Newspaper article International New York Times

Zuckerberg Tries to Sell Initiative for Free Internet Access

Newspaper article International New York Times

Zuckerberg Tries to Sell Initiative for Free Internet Access

Article excerpt

Mark Zuckerberg said, an effort to allow people in developing markets to access Facebook and other applications for free, would ultimately bring revenue to the carriers.

In front of a packed audience here, Mark Zuckerberg turned on the charm.

Mr. Zuckerberg, the chief executive of Facebook, outlined on Monday why he thought that, a service backed by the social network that is intended to provide people in emerging markets with free access to some online applications, would help telecommunications carriers persuade customers to spend more on streaming content to their cellphones.

The service, which is now offered in countries including Paraguay and Zambia, allows individuals to access Facebook and a limited number of other applications free. Carriers hope that this access -- often the first time that people have surfed the web -- will lead them to spend money on separate data packages.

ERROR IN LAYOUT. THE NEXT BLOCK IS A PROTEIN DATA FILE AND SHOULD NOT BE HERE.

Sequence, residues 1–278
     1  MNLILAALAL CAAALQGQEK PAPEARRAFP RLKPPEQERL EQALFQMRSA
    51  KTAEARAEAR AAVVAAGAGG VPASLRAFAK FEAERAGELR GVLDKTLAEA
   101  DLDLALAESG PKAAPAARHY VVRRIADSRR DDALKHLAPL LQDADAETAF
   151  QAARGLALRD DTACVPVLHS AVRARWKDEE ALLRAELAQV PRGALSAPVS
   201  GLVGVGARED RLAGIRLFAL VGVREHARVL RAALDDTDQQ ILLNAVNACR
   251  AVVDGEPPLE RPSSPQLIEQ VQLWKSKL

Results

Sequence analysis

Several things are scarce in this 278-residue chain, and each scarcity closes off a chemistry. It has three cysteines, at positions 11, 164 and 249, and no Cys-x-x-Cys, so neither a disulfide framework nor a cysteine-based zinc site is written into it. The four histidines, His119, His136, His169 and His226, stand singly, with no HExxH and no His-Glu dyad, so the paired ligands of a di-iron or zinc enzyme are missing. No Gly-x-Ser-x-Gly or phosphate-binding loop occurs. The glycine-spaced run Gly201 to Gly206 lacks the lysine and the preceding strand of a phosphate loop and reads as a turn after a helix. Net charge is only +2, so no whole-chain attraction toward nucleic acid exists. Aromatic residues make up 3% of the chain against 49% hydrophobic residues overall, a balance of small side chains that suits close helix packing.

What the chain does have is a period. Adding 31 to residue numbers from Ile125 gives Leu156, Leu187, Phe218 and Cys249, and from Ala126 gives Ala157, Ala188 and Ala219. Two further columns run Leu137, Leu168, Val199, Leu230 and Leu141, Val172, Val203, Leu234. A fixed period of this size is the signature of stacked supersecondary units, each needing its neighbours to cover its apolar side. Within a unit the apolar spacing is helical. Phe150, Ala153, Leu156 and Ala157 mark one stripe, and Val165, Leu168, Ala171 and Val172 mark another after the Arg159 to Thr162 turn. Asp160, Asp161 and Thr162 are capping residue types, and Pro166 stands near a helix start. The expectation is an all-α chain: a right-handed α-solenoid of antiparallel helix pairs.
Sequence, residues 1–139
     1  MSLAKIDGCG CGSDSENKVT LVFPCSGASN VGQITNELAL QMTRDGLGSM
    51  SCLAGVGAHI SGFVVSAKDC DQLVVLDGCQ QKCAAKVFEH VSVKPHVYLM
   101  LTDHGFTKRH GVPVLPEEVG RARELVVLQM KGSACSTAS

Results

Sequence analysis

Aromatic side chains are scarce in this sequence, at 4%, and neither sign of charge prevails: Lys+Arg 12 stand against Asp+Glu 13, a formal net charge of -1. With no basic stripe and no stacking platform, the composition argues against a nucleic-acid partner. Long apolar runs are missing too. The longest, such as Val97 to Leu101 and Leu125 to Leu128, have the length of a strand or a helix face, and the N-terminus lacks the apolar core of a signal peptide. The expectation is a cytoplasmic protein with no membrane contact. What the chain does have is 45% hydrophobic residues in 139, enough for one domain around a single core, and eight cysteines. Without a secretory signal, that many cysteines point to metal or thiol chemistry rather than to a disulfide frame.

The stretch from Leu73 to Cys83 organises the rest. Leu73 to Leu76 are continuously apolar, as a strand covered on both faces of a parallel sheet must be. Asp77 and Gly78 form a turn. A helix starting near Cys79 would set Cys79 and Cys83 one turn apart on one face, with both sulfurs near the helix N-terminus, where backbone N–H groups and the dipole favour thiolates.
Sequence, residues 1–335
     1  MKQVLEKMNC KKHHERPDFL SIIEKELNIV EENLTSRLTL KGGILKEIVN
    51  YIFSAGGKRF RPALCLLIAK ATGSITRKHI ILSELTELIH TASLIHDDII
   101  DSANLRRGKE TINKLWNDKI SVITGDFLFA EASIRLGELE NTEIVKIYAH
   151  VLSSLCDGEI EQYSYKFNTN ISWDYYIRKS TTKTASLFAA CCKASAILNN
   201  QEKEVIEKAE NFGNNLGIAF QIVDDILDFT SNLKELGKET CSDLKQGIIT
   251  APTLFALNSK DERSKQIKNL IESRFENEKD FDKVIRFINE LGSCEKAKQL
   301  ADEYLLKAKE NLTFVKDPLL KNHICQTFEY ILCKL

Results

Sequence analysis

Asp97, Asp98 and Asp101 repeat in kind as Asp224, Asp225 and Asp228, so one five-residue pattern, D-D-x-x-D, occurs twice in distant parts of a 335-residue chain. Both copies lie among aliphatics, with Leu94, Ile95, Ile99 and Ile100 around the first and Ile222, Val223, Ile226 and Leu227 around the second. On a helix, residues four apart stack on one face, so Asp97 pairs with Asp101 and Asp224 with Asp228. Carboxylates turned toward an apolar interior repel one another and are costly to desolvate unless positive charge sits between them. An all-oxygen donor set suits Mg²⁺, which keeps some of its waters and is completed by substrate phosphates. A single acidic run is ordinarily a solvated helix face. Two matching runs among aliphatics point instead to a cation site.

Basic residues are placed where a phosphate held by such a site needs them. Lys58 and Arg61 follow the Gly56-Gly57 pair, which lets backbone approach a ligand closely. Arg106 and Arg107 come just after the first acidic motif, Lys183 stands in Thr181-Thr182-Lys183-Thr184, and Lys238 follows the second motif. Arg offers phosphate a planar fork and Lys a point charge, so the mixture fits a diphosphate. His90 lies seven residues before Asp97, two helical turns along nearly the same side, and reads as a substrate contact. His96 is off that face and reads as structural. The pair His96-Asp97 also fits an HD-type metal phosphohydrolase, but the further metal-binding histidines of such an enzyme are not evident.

"Growing the Internet is expensive work," Mr. Zuckerberg, dressed in jeans and a gray T-shirt, told an audience at the Mobile World Congress, an industry conference that has become an annual global event where telecom operators talk shop. "The only way to accelerate that is to help operators to grow their business."

His words are part of efforts to quell growing disquiet among some carriers, particularly in Western countries, that believe Facebook, Google and other Internet companies are taking unfair advantage of carriers' mobile networks.

Industry executives say that these Internet services, which are used by billions of individuals each day, do not invest in the costly infrastructure required so that people can access applications on their smartphones. Some also say that the likes of Facebook, which now holds a dominant position in Internet messaging after buying Whatsapp last year for $19 billion, do not face the same tough regulations as traditional operators. …

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